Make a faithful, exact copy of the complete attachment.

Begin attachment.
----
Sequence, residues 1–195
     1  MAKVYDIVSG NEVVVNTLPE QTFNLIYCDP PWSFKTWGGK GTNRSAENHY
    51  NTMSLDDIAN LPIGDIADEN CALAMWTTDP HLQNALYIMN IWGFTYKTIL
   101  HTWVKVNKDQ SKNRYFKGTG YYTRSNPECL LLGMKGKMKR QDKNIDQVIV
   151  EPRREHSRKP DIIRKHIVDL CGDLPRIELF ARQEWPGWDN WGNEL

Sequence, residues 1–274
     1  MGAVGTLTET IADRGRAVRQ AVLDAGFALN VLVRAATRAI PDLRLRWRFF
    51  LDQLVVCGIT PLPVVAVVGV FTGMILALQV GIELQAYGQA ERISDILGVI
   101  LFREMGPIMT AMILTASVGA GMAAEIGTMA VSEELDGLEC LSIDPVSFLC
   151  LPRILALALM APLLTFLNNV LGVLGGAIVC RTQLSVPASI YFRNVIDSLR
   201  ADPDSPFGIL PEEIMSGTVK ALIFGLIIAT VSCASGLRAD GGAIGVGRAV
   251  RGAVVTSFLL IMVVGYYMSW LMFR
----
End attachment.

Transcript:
Sequence, residues 1–195
     1  MAKVYDIVSG NEVVVNTLPE QTFNLIYCDP PWSFKTWGGK GTNRSAENHY
    51  NTMSLDDIAN LPIGDIADEN CALAMWTTDP HLQNALYIMN IWGFTYKTIL
   101  HTWVKVNKDQ SKNRYFKGTG YYTRSNPECL LLGMKGKMKR QDKNIDQVIV
   151  EPRREHSRKP DIIRKHIVDL CGDLPRIELF ARQEWPGWDN WGNEL

Sequence, residues 1–274
     1  MGAVGTLTET IADRGRAVRQ AVLDAGFALN VLVRAATRAI PDLRLRWRFF
    51  LDQLVVCGIT PLPVVAVVGV FTGMILALQV GIELQAYGQA ERISDILGVI
   101  LFREMGPIMT AMILTASVGA GMAAEIGTMA VSEELDGLEC LSIDPVSFLC
   151  LPRILALALM APLLTFLNNV LGVLGGAIVC RTQLSVPASI YFRNVIDSLR
   201  ADPDSPFGIL PEEIMSGTVK ALIFGLIIAT VSCASGLRAD GGAIGVGRAV
   251  RGAVVTSFLL IMVVGYYMSW LMFR